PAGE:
This maritime enforcement system would enable access to clear, up-to-date, actionable information for even the most resource-limited fisheries officials. It would allow an official to access data needed to decide whether to permit or deny port entry to a vessel or, if needed, to begin infringement proceedings against its owners. To be effective, the system should be dynamic and flexible, and have the support of national enforcement officials; provide seafood buyers with sufficient information to be confident they are not buying IUU fish; and enough transparency to ensure that those acting outside the law are easily identifiable.
Accomplishing this will require:
Effectively fighting IUU fishing requires flexibility to match illegal operators’ changing tactics. Those committed to ending this problem must be ready to change course as conditions evolve, but each of the following actions is necessary to tackle the problem worldwide.
Require unique vessel identification numbers and satellite transponders on all fishing vessels that operate in waters beyond national jurisdiction. This will expedite vessel identification and tracking, and give authorities a concrete way to discern the bad actors.
Ensure that countries implement port state controls consistent with the PSMA. This international treaty—the first to target IUU fishing—requires commercial, foreign-flagged vessels involved in fishing-related operations to give ample notice when approaching a port and empowers port officials to deny access to port services or to inspect vessels suspected of illegal fishing. The agreement is instrumental in ensuring that port state measures are strengthened and harmonized, and that ports prevent illegally caught seafood from entering the supply chain.
Ensure that seafood buyers have and understand the information they need to prevent illegally caught fish from entering global markets. Encourage seafood retailers, wholesalers, and international processors to amend their sourcing policies and buying practices to help verify the origin of their products and ensure that they have been caught legally. A key component is technology that allows buyers to audit their own supply chains.
Develop a tool to assess and evaluate flag states’ adoption and implementation of the most important international instruments devised to eliminate IUU fishing. This will give nations and supply chains valuable information on what areas need improvement and which states are shirking their responsibilities.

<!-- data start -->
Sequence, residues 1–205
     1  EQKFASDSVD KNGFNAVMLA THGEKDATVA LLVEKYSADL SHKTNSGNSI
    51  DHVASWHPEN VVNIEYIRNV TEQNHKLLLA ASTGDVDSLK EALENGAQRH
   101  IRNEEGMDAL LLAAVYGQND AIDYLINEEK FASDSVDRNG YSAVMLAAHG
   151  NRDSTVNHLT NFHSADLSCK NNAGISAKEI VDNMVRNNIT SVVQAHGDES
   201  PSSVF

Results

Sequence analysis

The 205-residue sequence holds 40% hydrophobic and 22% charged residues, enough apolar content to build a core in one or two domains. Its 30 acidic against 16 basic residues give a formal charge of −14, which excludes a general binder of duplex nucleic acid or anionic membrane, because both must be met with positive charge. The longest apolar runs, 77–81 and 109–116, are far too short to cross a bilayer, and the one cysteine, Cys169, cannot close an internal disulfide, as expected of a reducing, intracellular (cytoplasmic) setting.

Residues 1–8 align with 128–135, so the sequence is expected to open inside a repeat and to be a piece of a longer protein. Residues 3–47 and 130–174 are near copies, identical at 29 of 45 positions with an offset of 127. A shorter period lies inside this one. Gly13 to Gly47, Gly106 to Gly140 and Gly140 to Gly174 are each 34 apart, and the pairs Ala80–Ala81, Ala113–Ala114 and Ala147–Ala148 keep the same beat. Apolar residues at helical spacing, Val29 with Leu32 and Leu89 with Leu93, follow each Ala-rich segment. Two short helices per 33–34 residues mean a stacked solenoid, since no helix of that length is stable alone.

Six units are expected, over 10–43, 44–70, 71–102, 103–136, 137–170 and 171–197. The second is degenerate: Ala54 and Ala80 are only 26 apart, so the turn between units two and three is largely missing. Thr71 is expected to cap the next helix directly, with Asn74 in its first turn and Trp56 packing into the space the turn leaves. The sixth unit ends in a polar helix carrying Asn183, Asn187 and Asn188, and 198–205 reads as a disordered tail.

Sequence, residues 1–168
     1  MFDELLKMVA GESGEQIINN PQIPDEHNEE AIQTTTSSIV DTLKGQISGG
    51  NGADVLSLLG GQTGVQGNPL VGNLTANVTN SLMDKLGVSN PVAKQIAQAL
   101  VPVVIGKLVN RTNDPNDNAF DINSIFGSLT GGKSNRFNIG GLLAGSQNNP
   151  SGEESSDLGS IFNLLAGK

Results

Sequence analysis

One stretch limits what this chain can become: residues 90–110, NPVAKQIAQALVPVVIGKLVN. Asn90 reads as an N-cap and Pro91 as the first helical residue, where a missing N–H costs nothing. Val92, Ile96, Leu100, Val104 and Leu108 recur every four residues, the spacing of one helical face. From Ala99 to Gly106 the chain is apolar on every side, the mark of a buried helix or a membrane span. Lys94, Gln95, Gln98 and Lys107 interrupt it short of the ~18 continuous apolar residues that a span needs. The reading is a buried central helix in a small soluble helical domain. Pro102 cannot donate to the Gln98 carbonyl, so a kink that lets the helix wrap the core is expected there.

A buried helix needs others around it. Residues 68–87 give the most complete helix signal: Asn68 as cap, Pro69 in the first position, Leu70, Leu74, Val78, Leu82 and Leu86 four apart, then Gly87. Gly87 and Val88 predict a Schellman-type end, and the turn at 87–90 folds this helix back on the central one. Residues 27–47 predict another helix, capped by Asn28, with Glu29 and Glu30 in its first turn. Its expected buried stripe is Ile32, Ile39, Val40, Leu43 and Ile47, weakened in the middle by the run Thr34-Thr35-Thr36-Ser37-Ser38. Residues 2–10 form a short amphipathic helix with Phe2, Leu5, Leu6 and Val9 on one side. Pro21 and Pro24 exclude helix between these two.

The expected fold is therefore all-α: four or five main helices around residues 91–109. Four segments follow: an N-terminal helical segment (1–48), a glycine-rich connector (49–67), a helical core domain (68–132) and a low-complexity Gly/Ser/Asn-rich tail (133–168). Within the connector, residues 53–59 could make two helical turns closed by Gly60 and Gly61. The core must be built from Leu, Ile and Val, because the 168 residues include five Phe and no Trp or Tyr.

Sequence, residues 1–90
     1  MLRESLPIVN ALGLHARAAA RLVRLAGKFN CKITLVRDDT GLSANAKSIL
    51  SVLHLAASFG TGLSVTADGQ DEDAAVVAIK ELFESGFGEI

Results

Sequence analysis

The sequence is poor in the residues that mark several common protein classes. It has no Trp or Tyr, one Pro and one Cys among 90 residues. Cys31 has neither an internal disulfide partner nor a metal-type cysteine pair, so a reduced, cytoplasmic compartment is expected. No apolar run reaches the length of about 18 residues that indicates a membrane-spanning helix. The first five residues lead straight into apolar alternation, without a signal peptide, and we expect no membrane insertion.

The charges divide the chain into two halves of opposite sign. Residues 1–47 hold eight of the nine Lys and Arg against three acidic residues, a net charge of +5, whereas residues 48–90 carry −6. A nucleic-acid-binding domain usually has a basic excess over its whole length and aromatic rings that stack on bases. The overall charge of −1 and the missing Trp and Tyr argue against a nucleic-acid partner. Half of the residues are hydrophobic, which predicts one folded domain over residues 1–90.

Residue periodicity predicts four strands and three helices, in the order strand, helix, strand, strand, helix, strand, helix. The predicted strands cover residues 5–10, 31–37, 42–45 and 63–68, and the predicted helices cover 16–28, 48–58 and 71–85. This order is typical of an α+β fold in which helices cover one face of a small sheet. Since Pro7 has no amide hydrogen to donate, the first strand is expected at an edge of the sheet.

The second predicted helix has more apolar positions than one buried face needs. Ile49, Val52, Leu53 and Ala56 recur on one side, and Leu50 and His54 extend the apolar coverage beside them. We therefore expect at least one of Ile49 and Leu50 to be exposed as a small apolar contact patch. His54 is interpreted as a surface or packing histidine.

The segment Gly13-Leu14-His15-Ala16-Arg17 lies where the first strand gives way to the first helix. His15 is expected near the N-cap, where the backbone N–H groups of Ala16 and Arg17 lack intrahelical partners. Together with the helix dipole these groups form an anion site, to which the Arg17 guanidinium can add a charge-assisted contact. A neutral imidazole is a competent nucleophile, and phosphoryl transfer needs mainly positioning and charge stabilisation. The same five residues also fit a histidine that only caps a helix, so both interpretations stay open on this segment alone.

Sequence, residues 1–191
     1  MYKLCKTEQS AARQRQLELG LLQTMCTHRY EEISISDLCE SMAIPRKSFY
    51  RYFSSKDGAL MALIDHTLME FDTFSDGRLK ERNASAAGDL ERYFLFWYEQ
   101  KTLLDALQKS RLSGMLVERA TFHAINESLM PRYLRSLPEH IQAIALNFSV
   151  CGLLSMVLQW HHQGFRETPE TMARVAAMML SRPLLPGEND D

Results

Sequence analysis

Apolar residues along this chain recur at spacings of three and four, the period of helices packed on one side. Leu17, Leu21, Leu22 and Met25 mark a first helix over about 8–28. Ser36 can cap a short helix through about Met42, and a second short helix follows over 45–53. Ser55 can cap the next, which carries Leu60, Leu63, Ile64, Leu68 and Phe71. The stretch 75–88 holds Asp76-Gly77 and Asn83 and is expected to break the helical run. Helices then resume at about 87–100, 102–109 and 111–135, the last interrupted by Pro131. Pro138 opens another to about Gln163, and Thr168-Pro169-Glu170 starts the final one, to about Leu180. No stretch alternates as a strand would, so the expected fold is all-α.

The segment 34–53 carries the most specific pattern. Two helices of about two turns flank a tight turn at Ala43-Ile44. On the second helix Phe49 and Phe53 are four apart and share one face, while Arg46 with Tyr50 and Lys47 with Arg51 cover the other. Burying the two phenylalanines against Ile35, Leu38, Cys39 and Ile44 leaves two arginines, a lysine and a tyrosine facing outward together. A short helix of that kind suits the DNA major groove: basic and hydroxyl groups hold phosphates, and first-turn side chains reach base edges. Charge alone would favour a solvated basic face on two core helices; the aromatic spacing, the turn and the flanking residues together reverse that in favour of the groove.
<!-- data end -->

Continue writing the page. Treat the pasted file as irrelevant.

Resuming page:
Create a globally replicable model for improving fisheries enforcement. With Pew’s support, countries in East Africa created FISH-i Africa, an initiative to improve information sharing, training, and enforcement. This partnership has resulted in denial of fish landings at multiple ports and the assessment of millions of dollars in fines. With the success of this project, Pew is working to extend the concept to other regions and flag states with distant fleets operating in the waters of the FISH-i Africa member states.
Develop advanced technology platforms that combine data sets and sources, including satellite remote sensing data with machine learning algorithms that are reviewed by expert fisheries analysts. Making the platforms available for all countries and supply chains will improve the identification, monitoring, enforcement, and prosecution of IUU fishing.
Understand the extent of transshipment, especially where it occurs at sea, and its relationship to illegal fishing, and develop best practices to ensure that transshipping does not allow illegally caught fish to be laundered through legitimate supply chains.
Transshipment is a common practice in the fishing industry that involves the transfer of catch from the fishing vessel to a refrigerated cargo ship that can carry it to a distant port. Such transactions, which can occur in port or at sea, are not subject to the same levels of scrutiny as a fishing vessel that offloads its catch on shore. This is a weak link in the supply chain that can impair accurate tracking and regulation of the transport of fish from catch to port.
Identify data sources and a methodology to establish a baseline for IUU fishing and regularly assess it on a global or regional basis.
The policing tools to stamp out IUU fishing are available and continually improving. But it is critical that they be supported by adequate laws and policies at the national, regional, and international levels; that authorities remain nimble; and that strategies are developed to create a globally responsible and sustainable fishing industry.